It’s the acquisition that seems like it’ll never close. Slowly but surely Broadcom is getting closer to officially buying Brocade. The latest hurdle was regulatory. Broadcom and the Federal Trade Commission finally came to an agreement that would allow the federal agency to allow the deal to go through. The agreement settles the issue of Broadcom supplying chips to, and now competing with, Cisco after the acquisition.
As part of the deal, Broadcom will “firewall” off a chip-making unit to work solely with Cisco as a customer. This will have IT systems, facilities, and security procedures from anything that comes remotely close to touching the Brocade side of the business. Understandably, Cisco is worried about losing trade secret after the acquisition goes through.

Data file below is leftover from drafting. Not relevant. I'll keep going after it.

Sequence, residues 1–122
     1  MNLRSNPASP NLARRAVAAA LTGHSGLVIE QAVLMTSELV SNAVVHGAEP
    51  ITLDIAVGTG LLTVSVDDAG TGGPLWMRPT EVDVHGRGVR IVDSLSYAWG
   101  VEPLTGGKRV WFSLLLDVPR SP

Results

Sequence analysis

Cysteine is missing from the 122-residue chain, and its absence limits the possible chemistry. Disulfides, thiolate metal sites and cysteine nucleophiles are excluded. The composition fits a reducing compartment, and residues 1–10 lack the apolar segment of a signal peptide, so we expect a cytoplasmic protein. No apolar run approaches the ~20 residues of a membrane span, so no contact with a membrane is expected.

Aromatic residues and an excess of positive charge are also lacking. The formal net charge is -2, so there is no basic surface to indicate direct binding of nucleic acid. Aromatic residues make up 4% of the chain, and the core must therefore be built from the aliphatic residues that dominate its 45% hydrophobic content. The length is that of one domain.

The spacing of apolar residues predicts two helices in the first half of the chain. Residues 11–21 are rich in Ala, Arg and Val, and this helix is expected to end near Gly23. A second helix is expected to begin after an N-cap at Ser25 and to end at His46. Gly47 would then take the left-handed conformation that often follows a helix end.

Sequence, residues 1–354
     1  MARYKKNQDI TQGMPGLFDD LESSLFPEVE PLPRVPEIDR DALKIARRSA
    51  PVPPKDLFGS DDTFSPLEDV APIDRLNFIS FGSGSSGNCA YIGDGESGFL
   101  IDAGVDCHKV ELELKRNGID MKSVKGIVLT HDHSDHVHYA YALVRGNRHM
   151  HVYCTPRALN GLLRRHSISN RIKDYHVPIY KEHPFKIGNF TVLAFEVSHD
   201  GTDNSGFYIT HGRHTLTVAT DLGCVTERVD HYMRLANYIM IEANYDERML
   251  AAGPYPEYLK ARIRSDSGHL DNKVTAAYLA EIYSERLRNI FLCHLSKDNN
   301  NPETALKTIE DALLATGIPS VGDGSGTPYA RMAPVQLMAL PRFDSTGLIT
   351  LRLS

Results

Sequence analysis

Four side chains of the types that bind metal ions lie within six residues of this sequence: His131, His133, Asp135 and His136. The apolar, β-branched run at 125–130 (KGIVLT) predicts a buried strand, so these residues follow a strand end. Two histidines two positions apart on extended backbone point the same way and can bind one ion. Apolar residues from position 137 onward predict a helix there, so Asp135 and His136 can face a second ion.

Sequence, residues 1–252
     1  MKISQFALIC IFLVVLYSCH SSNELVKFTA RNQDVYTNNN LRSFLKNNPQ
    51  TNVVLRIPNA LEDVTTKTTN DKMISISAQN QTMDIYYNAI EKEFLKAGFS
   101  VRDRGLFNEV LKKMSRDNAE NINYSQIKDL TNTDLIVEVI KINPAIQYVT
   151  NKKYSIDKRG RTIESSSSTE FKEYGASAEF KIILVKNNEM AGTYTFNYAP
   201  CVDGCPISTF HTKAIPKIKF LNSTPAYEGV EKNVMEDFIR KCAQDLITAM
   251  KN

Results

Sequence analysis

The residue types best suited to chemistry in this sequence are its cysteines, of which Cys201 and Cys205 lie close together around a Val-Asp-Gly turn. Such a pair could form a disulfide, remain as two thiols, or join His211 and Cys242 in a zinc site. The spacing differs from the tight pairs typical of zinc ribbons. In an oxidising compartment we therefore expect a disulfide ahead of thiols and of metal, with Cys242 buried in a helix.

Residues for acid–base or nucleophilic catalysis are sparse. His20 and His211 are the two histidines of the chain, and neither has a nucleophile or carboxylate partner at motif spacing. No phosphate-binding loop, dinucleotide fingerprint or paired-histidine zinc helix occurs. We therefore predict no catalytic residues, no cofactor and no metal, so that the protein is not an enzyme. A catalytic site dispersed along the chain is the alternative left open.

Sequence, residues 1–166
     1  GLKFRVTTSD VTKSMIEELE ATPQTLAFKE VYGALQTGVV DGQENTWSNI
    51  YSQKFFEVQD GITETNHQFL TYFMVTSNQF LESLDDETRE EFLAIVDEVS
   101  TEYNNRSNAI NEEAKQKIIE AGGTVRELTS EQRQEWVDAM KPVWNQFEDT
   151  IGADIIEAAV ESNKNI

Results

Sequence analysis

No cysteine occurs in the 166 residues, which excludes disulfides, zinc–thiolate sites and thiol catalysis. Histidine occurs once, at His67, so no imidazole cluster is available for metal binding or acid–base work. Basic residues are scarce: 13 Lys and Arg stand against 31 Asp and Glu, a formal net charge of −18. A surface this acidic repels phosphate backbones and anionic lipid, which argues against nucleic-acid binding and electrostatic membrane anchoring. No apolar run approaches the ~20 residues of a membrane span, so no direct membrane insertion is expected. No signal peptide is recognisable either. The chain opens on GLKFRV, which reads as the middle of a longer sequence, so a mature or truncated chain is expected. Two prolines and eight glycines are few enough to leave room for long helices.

On top of this, the FTC will appoint someone to monitor Broadcom for five years to make sure they’re in compliance, with the option by the FTC to expand this another five. So be on the lookout for “Broadcom FTC narc” job listings in the near future.
- Ravello on Oracle Cloud Moves to Production - September 21, 2017
- Gestalt IT Comment Policy - September 15, 2017
- Intent-Based Network Automation with Ansible - September 15, 2017
- Network Longevity – Think Car, Not Smartphone - September 14, 2017
- Packet Works on ARM - September 13, 2017
- Storage Myth Making, New Distributed Storage, and Brave New World of NVMe inGestalt Storage News 17.4 - September 13, 2017
- Mesosphere, Kubernetes and the coming container orchestration consensus - September 12, 2017
- Managed Services from the 90s to Now – The On-Premise IT Roundtable - September 12, 2017
- Choice: Illusion or Tradeoff? - September 6, 2017
- Deep Thoughts: VMware on AWS - September 5, 2017